This week, Labor Notes published an article by Union Semester alum Michael McCown, who served as staff organizer for AFT 2121’s recently contract campaign and strike. That article, outlining the campaign strategy and how it unfolded, is re-posted below with permission. See the original article at Labor Notes.
By Michael McCown
For the first time in its 40-year history, the union of full- and part-time faculty at City College of San Francisco recently went on strike—and it worked.
Teachers (AFT) Local 2121 pulled off a one-day strike April 27, despite the administration’s claim that the strike was illegal. By July, to head off another strike, the college agreed to a union contract with substantial raises. Faculty members had been working without one for a year.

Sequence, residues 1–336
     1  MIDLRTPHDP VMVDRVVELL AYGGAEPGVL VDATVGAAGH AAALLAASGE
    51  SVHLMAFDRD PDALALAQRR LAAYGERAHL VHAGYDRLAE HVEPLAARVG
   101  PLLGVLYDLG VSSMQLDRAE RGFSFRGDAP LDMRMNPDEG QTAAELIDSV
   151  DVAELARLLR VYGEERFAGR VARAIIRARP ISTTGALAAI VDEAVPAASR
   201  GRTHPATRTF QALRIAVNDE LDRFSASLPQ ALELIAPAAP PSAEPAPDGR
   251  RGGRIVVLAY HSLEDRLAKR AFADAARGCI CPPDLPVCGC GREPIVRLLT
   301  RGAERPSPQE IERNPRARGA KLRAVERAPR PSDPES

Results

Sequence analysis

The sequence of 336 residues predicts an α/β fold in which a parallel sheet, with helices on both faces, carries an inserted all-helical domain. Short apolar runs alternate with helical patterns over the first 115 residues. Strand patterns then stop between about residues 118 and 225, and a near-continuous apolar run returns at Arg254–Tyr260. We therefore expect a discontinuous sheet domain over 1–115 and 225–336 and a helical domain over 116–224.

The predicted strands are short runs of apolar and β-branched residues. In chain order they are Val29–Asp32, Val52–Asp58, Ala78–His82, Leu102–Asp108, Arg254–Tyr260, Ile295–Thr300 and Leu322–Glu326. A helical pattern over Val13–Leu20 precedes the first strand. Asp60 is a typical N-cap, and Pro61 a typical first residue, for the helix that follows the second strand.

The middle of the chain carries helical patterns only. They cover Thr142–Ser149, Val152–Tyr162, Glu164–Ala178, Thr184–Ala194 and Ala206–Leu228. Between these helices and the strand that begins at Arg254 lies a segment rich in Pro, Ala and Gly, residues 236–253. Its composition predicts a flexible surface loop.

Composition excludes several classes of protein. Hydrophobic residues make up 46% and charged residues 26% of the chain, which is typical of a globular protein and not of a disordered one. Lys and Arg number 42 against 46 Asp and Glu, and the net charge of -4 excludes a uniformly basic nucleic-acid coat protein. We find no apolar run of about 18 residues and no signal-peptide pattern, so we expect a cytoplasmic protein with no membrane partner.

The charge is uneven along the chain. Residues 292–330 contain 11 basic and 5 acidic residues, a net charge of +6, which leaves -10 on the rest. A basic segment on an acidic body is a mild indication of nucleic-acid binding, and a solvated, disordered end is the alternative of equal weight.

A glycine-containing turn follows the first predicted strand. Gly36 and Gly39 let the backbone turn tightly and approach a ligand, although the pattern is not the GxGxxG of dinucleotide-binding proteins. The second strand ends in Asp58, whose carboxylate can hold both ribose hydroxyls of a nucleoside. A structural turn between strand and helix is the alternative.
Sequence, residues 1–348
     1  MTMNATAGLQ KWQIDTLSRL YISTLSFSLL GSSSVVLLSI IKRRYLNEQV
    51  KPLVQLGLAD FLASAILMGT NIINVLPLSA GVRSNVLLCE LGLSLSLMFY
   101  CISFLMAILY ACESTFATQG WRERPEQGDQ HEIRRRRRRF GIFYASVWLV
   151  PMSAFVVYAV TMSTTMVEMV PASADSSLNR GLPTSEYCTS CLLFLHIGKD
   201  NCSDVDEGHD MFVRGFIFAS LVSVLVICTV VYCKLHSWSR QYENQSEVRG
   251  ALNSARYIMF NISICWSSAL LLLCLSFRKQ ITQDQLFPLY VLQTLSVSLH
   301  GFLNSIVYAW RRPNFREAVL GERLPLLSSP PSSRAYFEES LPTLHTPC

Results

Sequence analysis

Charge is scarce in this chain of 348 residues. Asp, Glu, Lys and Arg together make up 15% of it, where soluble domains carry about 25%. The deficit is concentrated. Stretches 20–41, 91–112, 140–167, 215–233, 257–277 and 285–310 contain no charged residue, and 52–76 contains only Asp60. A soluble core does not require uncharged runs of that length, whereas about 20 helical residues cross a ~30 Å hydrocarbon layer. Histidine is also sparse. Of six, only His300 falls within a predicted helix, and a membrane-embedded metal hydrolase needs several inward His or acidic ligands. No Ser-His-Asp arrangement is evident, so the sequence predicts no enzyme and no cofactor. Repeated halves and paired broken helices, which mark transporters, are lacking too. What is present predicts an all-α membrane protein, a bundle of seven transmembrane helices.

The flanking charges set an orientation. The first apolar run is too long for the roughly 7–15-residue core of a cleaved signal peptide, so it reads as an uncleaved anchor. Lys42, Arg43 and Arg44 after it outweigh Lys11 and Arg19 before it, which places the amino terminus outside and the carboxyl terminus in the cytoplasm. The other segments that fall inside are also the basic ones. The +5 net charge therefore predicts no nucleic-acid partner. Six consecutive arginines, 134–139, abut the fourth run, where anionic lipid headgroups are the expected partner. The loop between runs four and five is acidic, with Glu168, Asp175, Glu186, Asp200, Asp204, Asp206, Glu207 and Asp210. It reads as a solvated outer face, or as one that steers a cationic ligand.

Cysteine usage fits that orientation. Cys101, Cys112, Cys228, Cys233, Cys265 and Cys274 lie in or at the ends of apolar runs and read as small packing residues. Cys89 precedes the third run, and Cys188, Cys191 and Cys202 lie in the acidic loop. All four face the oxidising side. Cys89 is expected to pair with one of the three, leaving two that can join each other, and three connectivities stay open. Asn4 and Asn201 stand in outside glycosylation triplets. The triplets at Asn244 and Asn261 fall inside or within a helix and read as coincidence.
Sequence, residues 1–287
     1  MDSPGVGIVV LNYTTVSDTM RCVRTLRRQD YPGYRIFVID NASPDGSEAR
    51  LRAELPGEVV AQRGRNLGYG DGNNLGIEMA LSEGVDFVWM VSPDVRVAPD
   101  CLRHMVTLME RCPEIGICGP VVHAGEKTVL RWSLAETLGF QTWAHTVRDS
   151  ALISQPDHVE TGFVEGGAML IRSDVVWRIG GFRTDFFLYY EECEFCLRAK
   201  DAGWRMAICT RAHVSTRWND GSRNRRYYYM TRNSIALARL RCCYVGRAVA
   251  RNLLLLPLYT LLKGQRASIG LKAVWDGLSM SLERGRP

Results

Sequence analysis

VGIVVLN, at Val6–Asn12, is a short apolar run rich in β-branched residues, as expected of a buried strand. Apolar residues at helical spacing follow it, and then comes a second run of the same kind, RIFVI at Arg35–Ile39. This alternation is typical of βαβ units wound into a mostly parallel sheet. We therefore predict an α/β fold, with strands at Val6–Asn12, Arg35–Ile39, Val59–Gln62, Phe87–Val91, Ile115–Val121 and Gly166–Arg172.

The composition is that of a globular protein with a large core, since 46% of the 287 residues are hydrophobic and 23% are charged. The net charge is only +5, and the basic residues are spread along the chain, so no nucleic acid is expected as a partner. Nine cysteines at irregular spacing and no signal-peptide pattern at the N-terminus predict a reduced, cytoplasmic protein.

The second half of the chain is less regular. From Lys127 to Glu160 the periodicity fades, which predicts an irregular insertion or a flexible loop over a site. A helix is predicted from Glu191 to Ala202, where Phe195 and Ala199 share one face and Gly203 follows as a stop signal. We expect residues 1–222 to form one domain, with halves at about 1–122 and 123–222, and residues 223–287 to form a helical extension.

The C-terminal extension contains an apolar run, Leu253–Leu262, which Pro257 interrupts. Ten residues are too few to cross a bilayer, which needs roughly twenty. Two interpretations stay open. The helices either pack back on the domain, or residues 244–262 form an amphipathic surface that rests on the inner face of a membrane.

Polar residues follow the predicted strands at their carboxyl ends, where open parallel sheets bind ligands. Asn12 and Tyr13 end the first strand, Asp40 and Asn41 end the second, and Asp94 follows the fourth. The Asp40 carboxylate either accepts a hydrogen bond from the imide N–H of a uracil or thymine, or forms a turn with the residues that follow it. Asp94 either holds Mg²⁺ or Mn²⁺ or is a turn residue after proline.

Strikes in higher education are rare. Faculty work is isolated, and despite the popular portrayal of academics as having the ultimate job security, most instructors are part-timers with short-term contracts.
Part-timers often have to rush off to other jobs, making it difficult to build the social bonds necessary to take risky action together. And going on strike can be perceived as hurting students, many of whom at the community-college level are quite vulnerable: English-language learners, former prisoners, and the homeless.
At City College, a public community college of nine campuses built to serve 100,000 students, faculty faced the additional threat that the school could be shut down entirely. They organized anyway. Continue reading Community College Faculty Strike, Win Contract